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Esther Guiva

Guiva, Esther Danisane
1911 to 1994
Church of the Nazarene
Mozambique

Pastor Esther Danisane Guiva is from Macatecane. Her father died and three years later, when she was ten, her family gave her over to the demons. They dedicated her as the "wife" of their ancestral spirits to be the family mediator. This was to protect the family against illness and to provide support through her practice as a traditional doctor and diviner. The family treated her with great respect and knelt before her to confer with the spirits. She was demon-possessed.

When Danisane was seventeen she began secretly following her brothers and sisters to church services. However, her mother refused permission for her to go to church. One of her sisters had married a worker in the church and she urged Danisane to give up the spirits and repent. One Sunday she attended the service and did repent. She brought items of demonic worship to be burned and took the name Esther. Her mother was greatly upset as she was sure that this would bring calamity, sickness and death to the family.

Some months later during the great holiness revivals of 1927-28 in Gazaland, this moving of the Spirit came to her church. Rev. Charles Jenkins witnessed what happened.

During a prayer session she suddenly threw up her arms and fell over as though dead. After several hours she sat up as if in a trance. The praying Christians commanded the demon to come out of her. A deep masculine voice came from her, speaking in Zulu (not her home language) and asked for water. It gave its name and identified a place in Zululand (Natal) as its home. It claimed it was seeking a place of abode and that the girl possessed something that belonged to it. When asked if it knew Jesus, it replied, "I hate Him! I hate Him!" Esther's face contorted with malevolence. Commanded again to leave, it said it would go into the wall and return later. Esther began to writhe, twist and froth at the mouth. Then with a sudden jerk she fell limp and exhausted to the floor, but she was conscious.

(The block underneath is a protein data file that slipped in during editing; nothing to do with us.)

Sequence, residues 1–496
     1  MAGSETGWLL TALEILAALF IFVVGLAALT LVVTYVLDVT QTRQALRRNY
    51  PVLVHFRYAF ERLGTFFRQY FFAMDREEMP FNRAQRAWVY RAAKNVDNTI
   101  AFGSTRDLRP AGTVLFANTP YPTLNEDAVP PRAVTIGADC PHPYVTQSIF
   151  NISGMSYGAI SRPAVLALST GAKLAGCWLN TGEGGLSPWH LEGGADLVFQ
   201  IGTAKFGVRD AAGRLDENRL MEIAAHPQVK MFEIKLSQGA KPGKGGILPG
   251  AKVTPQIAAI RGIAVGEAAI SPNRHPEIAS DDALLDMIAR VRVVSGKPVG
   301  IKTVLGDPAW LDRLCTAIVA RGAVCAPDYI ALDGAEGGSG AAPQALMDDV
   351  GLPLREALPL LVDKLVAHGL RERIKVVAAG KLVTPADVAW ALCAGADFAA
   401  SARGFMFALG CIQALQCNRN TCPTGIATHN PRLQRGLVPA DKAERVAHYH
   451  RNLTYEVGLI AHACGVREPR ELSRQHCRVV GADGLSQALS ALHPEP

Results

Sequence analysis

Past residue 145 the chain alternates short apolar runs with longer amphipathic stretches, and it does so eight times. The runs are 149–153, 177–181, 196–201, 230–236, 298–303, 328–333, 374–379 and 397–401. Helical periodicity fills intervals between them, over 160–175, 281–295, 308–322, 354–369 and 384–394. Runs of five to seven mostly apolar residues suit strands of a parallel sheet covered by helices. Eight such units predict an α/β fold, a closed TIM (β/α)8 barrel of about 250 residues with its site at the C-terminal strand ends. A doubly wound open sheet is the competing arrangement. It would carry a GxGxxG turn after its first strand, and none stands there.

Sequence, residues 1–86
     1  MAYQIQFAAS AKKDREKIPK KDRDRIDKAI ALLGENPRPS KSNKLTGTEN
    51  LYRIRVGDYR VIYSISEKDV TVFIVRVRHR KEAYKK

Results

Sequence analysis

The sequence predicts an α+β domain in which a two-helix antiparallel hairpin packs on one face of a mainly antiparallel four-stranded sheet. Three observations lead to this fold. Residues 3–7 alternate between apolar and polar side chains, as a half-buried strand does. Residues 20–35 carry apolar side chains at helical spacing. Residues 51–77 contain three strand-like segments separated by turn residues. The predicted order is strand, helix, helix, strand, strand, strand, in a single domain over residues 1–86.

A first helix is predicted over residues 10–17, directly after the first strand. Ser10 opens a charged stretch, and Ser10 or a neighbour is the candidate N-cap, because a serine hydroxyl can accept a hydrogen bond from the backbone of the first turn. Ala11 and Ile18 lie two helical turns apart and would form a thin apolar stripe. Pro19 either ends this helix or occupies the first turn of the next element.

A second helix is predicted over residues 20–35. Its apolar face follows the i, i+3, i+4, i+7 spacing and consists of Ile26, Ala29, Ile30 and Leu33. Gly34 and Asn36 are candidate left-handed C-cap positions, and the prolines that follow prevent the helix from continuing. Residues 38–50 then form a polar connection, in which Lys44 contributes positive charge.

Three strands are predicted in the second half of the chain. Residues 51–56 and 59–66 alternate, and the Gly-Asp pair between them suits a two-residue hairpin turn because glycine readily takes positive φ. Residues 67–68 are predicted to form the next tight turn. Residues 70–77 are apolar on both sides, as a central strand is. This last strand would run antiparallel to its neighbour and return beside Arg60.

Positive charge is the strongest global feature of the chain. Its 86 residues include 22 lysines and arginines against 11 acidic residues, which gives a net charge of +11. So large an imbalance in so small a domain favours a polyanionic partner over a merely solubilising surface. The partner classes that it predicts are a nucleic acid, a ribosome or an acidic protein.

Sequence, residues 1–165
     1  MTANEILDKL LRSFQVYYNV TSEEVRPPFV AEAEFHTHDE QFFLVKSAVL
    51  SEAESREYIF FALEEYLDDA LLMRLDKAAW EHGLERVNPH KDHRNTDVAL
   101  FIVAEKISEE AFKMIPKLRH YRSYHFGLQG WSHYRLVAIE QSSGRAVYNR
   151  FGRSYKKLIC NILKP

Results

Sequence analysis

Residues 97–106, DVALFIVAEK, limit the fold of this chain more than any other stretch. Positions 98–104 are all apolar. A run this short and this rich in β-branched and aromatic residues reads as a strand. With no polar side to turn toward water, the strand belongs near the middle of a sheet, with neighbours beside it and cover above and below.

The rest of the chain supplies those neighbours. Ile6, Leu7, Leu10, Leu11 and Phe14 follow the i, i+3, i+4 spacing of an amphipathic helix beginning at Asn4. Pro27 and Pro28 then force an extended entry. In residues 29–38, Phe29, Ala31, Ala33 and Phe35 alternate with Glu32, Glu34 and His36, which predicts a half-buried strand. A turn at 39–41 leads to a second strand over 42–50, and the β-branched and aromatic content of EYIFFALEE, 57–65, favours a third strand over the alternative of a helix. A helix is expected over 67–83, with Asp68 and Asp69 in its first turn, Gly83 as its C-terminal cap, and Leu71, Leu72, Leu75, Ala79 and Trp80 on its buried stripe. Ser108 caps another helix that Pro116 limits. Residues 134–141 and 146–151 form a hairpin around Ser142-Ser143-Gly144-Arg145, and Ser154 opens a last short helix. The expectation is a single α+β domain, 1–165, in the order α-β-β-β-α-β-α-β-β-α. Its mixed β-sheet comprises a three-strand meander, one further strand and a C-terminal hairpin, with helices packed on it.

Tearfully she confessed that she had withheld a special cloth. Her mother had kept it to keep evil and danger away. It represented Danisane and was used by the traditional doctor when he would come to cleanse the homestead. Esther fetched it from home and it was burned. She continued for some time to have sick spells and the demons troubled her. Finally she fasted for three days and prayed for complete victory. A special prayer meeting was called. As the Christians prayed through the night, it was early morning when victory came for Esther. She began praising God, saying, "He has come! The Holy Spirit has come in cleansing power!" She was never troubled again.

Miss Esther Guiva took training as a nurse at the Methodist hospital, Inhambane, and as a Christian worker. In 1954 she and Vasta Manhique were the first women students to enroll in the Bible School at Tavane. She served as a nurse and as matron to the schoolgirls at the Tavane Mission. Through the years her testimony continued to ring bright and clear. Her ministry has been a great help and blessing to many.[1]

Paul S. Dayhoff


Notes

1. Lorraine Schultz, Because Somebody Prayed: Miracles in Nazarene Mission (Kansas City, Missouri: Nazarene Publishing House, 1994), 62-66.

This article is reproduced, with permission, from Living Stones In Africa: Pioneers of the Church of the Nazarene, revised edition, copyright © 1999, by Paul S. Dayhoff. All rights reserved.